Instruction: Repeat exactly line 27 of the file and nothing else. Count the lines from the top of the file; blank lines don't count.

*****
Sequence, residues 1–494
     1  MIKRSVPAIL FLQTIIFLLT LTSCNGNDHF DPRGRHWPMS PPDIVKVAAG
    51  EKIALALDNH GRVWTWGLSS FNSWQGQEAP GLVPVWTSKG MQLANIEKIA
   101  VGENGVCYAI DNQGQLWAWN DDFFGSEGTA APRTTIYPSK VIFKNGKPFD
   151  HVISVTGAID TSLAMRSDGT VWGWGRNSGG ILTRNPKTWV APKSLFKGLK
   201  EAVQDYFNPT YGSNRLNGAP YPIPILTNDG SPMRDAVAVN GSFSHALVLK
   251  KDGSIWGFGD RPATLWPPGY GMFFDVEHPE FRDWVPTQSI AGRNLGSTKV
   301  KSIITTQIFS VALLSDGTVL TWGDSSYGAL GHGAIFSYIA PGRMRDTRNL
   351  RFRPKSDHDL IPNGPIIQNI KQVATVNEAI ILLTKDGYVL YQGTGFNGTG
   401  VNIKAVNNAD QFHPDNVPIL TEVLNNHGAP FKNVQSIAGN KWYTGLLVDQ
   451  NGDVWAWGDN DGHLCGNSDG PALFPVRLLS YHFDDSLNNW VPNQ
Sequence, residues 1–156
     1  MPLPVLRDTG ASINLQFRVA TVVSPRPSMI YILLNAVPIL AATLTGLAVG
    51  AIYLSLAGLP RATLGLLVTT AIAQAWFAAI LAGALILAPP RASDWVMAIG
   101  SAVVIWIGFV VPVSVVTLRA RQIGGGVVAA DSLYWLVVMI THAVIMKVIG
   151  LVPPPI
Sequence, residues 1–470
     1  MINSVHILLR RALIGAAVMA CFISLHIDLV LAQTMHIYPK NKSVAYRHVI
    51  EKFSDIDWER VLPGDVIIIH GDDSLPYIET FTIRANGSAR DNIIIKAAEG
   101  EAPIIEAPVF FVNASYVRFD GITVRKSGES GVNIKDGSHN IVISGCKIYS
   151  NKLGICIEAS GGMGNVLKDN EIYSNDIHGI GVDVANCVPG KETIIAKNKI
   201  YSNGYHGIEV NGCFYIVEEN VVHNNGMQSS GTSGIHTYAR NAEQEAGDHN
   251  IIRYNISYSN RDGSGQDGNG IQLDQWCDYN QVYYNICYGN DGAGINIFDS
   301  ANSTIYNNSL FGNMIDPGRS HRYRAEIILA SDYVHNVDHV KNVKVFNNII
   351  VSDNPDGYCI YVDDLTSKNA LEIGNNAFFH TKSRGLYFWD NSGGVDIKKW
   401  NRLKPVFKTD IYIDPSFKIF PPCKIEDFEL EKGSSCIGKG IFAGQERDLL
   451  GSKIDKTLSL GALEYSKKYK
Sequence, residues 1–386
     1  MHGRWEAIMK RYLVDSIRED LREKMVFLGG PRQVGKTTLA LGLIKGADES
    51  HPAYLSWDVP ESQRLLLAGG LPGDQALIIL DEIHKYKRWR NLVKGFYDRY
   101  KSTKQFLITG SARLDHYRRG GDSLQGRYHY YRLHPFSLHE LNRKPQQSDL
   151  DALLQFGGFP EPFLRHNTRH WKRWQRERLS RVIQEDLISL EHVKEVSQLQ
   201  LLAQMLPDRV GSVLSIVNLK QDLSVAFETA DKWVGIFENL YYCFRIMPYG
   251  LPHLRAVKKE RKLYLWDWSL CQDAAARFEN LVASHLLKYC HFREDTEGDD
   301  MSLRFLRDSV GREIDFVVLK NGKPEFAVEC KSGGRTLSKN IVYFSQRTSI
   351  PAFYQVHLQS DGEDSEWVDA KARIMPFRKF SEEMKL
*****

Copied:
   451  GSKIDKTLSL GALEYSKKYK